In most racing games, even in many of the so-called simulators, novices can persevere with only a little effort. You’ll probably even recognize most of the terminology, even if you’re not entirely sure what each word means…but in the world of drag racing, you may not have the slightest clue. And in this particular case, that’s a crippling factor, which is why NHRA: Countdown to the Championship seems best suited for avid followers of the sport. For example, you may spend a lot of time learning just how to start a race, and even more time attempting to nail the timing down to a science. Those who aren’t familiar should absolutely check out the Tutorials at the start so they can learn about tuning, burnouts, staging, racing and analysis. Were you aware you burned a little ways down the strip before racing? Are you capable at shifting gears on the fly for Pro Stock? If not, the learning curve of this game could be a hell of a lot steeper than you might think…
But let’s start with the difficult basics (no, that’s not an oxymoron in this case)- the number of options afforded the player is actually quite staggering. Depending on which event you participate in, you will be altering the tire pressure, rear wings, front ballast, compression ratio, overdrive sliders, and weight settings. Obviously, even the slightest tweak can drastically change how your vehicle performs on the track, so you should definitely get an education. Each option comes with a standard description, but you can find a more advanced explanation if you check with crew chiefs. Thankfully, you can use an “auto-tune” feature by simply getting your crew chief to implement his best recommendations (these setups will change with different chiefs). But even if you dedicate your own time and effort to learning each and every tuning possibility, you’ve still got to learn and understand the race start sequence. Here is where you’ll encounter the burning and staging, which are essential to your ultimate success.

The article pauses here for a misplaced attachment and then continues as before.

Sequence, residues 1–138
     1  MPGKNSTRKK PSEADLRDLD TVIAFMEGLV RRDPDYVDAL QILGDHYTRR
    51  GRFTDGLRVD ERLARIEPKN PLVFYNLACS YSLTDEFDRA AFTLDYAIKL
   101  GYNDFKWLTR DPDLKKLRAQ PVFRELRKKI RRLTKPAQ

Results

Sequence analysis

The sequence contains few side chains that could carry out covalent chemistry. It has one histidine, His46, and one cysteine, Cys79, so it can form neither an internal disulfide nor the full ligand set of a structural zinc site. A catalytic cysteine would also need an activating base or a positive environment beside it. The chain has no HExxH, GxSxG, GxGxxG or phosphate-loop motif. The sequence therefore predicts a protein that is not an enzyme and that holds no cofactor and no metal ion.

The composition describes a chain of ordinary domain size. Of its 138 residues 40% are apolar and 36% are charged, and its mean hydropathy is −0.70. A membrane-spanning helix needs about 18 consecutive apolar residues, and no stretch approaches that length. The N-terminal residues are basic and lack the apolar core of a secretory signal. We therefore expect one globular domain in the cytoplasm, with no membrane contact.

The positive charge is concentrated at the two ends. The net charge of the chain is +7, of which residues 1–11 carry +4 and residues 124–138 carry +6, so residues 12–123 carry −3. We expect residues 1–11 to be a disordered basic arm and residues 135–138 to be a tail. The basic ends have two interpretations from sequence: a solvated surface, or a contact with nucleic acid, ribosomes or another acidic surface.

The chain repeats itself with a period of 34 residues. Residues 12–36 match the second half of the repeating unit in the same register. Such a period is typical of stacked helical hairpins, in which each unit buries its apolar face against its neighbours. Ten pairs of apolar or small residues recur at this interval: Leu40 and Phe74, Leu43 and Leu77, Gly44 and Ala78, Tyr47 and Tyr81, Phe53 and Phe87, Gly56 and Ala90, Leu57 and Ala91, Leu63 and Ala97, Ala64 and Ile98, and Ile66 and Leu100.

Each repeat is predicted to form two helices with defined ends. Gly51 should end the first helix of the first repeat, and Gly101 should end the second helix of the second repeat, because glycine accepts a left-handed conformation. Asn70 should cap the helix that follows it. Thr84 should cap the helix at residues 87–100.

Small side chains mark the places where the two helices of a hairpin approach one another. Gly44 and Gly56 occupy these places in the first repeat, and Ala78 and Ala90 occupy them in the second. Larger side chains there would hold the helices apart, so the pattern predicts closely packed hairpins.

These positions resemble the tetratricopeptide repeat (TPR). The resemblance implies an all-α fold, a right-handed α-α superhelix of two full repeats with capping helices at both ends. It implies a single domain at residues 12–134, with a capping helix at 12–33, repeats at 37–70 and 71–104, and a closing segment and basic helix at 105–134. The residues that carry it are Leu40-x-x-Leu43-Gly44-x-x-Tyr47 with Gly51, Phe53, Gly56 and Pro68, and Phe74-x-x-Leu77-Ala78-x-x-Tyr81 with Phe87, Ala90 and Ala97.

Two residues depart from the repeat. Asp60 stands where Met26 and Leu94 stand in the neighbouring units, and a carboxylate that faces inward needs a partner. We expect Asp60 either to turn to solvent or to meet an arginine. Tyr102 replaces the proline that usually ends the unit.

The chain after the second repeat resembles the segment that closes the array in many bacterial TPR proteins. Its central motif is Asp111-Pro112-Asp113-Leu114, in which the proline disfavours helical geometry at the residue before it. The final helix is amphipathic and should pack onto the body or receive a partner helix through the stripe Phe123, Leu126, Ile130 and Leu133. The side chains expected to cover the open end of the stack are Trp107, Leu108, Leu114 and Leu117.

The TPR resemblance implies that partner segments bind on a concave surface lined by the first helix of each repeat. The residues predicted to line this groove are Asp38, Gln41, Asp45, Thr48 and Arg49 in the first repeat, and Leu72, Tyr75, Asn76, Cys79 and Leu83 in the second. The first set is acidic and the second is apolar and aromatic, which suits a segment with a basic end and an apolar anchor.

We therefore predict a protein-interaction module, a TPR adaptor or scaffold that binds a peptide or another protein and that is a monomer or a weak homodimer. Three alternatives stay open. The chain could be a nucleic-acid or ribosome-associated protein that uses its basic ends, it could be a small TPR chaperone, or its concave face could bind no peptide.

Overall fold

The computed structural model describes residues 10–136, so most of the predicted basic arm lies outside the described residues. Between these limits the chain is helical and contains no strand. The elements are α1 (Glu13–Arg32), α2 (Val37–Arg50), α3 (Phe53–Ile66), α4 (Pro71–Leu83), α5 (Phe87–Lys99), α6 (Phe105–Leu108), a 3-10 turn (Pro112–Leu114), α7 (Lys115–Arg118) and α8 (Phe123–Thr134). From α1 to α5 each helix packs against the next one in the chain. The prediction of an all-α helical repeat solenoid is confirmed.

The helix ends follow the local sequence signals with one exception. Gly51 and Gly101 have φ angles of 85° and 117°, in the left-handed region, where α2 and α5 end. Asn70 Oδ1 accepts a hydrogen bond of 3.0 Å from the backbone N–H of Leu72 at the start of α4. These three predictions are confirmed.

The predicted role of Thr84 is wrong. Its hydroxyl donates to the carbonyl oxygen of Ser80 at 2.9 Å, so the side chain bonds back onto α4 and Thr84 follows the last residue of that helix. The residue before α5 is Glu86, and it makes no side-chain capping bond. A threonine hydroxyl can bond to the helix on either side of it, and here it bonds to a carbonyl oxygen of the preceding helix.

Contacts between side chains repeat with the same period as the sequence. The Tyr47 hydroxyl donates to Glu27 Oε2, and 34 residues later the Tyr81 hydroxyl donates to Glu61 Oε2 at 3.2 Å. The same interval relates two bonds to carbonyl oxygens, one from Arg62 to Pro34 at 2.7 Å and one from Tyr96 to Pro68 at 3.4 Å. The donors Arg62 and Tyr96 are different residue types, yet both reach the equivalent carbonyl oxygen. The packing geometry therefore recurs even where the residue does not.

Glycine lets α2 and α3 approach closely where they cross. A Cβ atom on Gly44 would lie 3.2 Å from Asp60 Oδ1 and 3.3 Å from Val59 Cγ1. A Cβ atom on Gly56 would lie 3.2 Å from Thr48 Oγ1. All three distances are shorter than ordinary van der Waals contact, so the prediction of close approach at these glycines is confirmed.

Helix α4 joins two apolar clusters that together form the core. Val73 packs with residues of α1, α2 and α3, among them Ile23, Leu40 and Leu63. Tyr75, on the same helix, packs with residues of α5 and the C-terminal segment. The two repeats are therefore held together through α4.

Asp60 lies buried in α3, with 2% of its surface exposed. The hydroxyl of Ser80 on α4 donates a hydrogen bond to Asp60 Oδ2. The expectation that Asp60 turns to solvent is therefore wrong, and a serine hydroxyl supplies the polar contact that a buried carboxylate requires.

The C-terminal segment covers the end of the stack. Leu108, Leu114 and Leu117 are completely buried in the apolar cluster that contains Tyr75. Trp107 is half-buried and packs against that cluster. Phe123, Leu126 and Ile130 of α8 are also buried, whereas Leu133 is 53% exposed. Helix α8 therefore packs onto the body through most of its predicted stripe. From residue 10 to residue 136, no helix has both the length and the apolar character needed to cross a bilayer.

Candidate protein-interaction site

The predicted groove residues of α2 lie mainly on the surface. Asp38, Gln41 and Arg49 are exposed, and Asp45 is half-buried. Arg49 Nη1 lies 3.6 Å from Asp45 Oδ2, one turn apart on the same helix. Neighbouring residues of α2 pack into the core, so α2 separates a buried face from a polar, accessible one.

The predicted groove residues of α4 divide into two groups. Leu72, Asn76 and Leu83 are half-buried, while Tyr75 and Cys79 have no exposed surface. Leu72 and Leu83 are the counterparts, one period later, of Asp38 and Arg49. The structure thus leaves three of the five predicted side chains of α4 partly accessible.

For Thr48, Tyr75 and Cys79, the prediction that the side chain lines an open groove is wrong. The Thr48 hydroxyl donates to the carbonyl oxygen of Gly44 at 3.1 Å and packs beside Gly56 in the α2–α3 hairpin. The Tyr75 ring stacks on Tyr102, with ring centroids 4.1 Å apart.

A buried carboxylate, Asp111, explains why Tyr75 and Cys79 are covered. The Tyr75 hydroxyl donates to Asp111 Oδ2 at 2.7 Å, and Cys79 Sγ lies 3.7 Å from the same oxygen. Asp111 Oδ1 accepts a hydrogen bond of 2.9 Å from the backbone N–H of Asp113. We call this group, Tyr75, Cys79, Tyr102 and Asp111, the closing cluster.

Early on, you’ll be suffering plenty of disqualifications due to a variety of miscues. The most common of these will center on lining up for the start; it’s easily the most frustrating part of the gameplay. The concept should be simple- drive forward slowly, stop at the line, and wait for the green to floor it. But you’ll constantly be overshooting the starting line – it results in an immediate DQ – because your car moves forward by itself, and you have to stop it in exactly the right spot. The text prompts on the screen are fine (“drive forward,” “drive forward slowly,” and “inch forward”), but even the slightest move past “inch forward” means you went too far, and you’re forced to start the entire process over again. It’s an absurd flaw because it completely takes the player out of the game and causes us to lose interest ultra-fast. Staging is supposed to be a pinpoint and intricate process, but the unforgivable controls seem far too sensitive, and this will inhibit your entertainment almost immediately from the get-go.